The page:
BUT for two first-time attendees, I think we did pretty well and we met some really wonderful people. (I want to underscore how unfailingly nice ALL of the people I saw at the Scholastic, Disney Hyperion, and Houghton Mifflin booths were. Aside from being polite and smiling they answered all of my questions and were generally awesome. They all definitely set the gold standard for the day.)

We also met some amazing authors at the author signings. I’d like to think I shared a moment with Ally Carter, Kevin Henkes, and Marla Frazee when I saw them. Jennifer Lynn Barnes, Alexandra Bracken, Sarah Dessen, Melissa de la Cruz, Leigh Fallon and L. A. Weatherly were all charming. And I know I shared a moment with Lev Grossman but that moment was mainly him thinking I was a blathering idiot so we won’t dwell on that.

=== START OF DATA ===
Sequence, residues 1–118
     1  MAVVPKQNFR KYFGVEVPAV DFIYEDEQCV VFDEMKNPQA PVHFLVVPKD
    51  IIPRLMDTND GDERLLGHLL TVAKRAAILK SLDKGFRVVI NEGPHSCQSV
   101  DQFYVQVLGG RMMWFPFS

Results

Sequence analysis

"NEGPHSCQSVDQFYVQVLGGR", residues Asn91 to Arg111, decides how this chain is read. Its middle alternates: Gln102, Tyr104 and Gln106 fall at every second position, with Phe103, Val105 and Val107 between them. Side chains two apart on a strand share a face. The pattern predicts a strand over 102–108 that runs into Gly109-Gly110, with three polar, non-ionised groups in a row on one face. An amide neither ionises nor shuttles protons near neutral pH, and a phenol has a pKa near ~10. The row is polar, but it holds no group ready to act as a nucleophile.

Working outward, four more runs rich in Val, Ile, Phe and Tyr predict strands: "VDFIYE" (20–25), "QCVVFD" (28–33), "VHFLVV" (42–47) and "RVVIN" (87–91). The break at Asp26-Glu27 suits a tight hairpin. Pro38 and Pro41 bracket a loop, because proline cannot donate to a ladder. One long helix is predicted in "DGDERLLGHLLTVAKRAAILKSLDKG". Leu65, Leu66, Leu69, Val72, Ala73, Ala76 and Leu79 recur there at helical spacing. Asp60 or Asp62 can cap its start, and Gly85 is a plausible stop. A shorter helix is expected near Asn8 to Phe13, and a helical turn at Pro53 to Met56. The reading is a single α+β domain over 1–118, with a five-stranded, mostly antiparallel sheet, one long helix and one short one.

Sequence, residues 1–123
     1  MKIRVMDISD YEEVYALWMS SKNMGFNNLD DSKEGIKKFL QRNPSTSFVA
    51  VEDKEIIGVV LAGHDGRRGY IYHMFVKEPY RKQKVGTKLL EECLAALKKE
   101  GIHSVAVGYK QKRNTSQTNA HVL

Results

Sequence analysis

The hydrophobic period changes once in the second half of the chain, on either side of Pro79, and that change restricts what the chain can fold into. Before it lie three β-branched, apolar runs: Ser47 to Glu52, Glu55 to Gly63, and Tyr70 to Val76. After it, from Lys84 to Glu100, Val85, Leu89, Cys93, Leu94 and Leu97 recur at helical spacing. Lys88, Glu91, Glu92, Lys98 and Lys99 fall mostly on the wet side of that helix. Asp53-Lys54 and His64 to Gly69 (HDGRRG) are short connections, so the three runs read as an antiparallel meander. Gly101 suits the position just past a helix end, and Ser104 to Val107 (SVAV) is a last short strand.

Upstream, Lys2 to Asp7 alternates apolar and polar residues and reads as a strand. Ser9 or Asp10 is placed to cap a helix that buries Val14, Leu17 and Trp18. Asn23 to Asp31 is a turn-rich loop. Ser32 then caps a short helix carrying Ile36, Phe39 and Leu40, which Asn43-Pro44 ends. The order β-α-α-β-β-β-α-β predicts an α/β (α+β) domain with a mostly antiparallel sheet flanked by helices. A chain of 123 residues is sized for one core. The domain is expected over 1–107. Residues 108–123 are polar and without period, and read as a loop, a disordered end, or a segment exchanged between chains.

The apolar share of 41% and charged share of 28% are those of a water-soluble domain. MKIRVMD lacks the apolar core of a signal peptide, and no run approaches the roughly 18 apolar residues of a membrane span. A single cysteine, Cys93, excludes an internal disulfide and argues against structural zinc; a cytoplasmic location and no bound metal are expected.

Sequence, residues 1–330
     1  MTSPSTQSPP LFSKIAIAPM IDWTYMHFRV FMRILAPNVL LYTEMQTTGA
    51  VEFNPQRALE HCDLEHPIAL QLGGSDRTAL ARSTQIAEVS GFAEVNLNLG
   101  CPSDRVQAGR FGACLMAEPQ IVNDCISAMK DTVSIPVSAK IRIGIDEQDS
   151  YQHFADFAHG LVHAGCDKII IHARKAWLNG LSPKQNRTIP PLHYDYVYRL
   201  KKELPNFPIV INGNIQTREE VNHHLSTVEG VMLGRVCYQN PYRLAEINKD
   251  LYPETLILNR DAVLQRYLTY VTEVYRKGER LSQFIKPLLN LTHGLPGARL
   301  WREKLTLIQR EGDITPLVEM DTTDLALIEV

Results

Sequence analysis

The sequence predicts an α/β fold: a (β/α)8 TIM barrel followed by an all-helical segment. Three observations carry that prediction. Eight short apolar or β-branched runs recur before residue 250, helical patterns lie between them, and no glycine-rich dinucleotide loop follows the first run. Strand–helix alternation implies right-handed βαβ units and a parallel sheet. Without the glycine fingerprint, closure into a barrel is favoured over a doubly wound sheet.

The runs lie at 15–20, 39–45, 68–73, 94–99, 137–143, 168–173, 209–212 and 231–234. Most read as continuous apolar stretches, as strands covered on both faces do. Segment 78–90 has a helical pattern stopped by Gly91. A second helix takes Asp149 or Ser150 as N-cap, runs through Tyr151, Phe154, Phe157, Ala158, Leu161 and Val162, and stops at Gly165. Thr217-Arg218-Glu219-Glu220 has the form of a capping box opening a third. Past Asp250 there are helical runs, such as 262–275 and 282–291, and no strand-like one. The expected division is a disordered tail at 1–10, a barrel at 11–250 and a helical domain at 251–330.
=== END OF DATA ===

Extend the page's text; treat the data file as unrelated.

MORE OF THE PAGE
And, of course, books were gotten including Uncommon Criminals (which I am reading now and already love), Brightly Woven (so excited Bracken was there because this has been on my radar since the Cybils!), Kevin Henkes’ new novel, several debut author arcs and tons of other things that you WILL hear more about in due time, AND The Scorpio Races–Maggie Stiefvater’s forthcoming start to a new series (I’m honestly not even sure I’m supposed to tell you about that because it was so very cloak and dagger when I got the arc–it was intense). All told we more than covered the admission price with around thirty books (weighted some were worth even more since they were also signed and hardcover instead of ARCs).

Bizarrely the most harrowing experience wound up getting home. With no taxis in sight we wound up packed in a van driven by a gypsy cab driver with five other attendees as he wound his way through Manhattan to drop us all off. I won’t say more because, frankly, words will never do that van ride justice.